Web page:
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AB0269 Cardiovascular Risk Assessment in Persons with Autoimmune Rheumatic Disease: A Pilot Study of Non-Invasive Arterial Health Testing
  1. E.M. Scanlon1,
  2. R. Mankad2,
  3. C.S. Crowson1,3,
  4. I.J. Kullo2,
  5. S.L. Mulvagh2,
  6. E.L. Matteson1,3,
  7. Z. Kvrgic1,
  8. J.M. Davis III1
  1. 1Division of Rheumatology
  2. 2Division of Cardiology
  3. 3Department of Health Sciences Research, Mayo Clinic, Rochester, United States


Background Persons with rheumatoid arthritis (RA) have increased mortality attributable to atherosclerotic cardiovascular disease (ASCVD) events. While a heightened risk of ASCVD events exists in patients with RA, we have yet to uncover an accurate method for estimating that risk. It is unknown how the current state of disease activity affects arterial function in early subclinical ASCVD.

Objectives Our goal is to determine the effect of the current state of inflammatory disease activity, as measured by the Simplified Disease Activity Index (SDAI) and Health Assessment Questionnaire (HAQ) score, on arterial health in patients with RA, using an innovative non-invasive testing package developed at Mayo Clinic in Rochester, Minnesota.

Methods We recruited a cohort of 50 patients with RA as defined by the 2010 American College of Rheumatology/European League Against Rheumatism classification criteria, and conducted non-invasive arterial health testing on the same day as a rheumatologic assessment of clinical disease activity, which was classified in terms of tender/swollen joint counts, SDAI score and HAQ score. This arterial health testing package includes measurements of endothelial function (brachial artery reactivity testing, BART), arterial stiffness (pulse wave velocity, PWV), and early atherosclerosis (carotid intima-media thickness, CIMT, and carotid plaque presence).

Statistical analysis was performed with Spearman Correlation Coefficients between the rheumatologic disease activity scores and arterial health testing parameters.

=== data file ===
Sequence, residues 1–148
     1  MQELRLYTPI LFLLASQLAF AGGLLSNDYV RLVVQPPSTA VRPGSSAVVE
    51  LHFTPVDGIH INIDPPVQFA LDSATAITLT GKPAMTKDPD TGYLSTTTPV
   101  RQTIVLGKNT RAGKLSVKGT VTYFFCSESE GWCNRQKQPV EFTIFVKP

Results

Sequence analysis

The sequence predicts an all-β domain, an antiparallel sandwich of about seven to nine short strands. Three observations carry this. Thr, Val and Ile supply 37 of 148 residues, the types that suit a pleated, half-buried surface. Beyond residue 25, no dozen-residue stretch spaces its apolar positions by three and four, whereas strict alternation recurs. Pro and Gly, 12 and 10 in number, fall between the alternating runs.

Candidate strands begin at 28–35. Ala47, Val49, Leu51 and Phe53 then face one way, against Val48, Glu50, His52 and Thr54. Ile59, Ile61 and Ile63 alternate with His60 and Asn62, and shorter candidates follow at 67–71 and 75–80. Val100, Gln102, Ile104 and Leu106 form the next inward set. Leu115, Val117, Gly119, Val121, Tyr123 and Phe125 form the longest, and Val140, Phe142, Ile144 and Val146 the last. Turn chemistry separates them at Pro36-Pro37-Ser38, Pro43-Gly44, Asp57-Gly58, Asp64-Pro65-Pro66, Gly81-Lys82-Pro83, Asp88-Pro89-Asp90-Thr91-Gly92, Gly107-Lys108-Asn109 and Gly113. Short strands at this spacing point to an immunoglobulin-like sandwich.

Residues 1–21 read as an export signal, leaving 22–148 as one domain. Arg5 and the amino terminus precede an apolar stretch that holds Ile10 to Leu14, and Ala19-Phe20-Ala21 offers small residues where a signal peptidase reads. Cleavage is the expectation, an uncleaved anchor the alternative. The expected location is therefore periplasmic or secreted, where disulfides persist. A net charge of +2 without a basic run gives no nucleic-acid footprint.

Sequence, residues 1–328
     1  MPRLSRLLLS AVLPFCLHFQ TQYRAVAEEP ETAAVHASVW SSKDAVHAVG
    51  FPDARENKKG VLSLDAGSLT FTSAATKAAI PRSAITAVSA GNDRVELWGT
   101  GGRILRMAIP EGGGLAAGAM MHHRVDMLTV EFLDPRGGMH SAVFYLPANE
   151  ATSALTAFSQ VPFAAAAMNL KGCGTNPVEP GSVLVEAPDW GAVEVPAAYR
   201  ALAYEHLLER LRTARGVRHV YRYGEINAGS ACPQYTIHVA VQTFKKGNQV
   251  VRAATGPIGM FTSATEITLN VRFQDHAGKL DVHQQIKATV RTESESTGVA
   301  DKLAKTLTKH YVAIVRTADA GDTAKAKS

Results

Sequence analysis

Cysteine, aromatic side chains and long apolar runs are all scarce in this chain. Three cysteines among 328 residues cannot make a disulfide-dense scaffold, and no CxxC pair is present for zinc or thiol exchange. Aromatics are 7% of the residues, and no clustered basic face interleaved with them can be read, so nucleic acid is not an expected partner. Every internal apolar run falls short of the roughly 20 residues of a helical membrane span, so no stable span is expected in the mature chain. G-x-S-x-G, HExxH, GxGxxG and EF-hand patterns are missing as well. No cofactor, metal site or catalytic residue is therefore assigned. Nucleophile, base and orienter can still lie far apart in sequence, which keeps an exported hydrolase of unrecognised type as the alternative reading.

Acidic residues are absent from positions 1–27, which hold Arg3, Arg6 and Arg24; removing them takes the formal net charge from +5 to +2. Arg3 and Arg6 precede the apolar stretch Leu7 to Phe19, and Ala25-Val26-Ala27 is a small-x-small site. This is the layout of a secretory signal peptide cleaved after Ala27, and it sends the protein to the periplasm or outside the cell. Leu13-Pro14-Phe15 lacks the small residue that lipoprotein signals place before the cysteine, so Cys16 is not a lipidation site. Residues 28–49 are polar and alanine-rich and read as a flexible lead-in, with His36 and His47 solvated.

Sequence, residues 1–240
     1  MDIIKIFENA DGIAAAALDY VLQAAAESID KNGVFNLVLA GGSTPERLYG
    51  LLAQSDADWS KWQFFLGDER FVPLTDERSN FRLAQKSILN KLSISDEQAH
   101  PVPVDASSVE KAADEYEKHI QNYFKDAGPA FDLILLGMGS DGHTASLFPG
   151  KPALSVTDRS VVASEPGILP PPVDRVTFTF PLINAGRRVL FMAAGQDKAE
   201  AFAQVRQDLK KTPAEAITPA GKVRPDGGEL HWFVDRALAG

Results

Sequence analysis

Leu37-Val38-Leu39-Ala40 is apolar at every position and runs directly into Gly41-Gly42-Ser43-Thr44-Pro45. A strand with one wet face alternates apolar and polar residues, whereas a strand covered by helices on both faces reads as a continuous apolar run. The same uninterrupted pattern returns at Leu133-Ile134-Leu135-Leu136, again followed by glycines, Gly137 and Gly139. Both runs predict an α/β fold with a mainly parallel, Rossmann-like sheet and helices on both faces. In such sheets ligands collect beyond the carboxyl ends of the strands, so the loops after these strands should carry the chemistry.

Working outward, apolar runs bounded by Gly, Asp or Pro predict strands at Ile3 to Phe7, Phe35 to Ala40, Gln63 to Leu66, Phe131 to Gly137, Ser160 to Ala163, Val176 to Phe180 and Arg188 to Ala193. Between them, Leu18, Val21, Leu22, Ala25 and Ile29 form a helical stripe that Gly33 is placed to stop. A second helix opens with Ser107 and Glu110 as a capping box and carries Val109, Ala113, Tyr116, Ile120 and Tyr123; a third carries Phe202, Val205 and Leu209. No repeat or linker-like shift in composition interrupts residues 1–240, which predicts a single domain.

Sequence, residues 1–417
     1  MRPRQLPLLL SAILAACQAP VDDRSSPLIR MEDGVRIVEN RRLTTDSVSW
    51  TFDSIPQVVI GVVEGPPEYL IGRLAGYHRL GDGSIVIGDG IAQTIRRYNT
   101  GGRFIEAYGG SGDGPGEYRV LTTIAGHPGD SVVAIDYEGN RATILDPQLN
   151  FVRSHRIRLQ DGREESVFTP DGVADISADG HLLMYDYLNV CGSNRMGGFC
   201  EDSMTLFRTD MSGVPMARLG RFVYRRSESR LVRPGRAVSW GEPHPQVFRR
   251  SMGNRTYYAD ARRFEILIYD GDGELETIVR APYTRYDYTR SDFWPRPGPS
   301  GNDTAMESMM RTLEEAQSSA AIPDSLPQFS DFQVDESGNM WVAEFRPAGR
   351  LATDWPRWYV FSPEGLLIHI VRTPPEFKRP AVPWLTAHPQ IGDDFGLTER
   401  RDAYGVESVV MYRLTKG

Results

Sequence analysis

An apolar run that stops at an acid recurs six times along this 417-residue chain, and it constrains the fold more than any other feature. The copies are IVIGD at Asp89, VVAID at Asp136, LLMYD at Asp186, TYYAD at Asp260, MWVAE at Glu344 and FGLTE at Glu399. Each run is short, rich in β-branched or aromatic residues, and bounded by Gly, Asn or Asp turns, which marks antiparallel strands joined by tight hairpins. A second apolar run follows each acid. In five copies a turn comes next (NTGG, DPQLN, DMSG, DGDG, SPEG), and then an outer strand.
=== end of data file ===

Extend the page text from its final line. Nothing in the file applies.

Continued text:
Results Our 50 patients had mean (SD) disease duration of 7.0 (±4.0) years, mean age of 57.2 years, and 38 (76%) were female. The average disease activity was moderate, with mean (SD) SDAI of 21.4 (±17.4); 27 patients had either moderate or high disease activity by SDAI. A statistically significant correlation emerged between the SDAI score and the following measures: corrected aortic augmentation index (r=0.35, p=0.012); and the CIMT of the right common carotid artery (r=0.28, p=0.048). The correlation between SDAI and aortic PWV was borderline (r=0.26, p=0.067). The HAQ score correlated significantly with the corrected aortic augmentation index (r=0.33, p=0.019), but not with PWV or CIMT measures of right and left common carotid artery.

Conclusions We identified significant correlations between SDAI, and measures of arterial stiffness (i.e., corrected aortic augmentation index), and subclinical atherosclerosis (i.e., CIMT). The HAQ score significantly correlated with the corrected aortic augmentation index. This study suggests that the current state of disease activity in RA does significantly influence several measures of arterial health using this testing package.

Disclosure of Interest None declared

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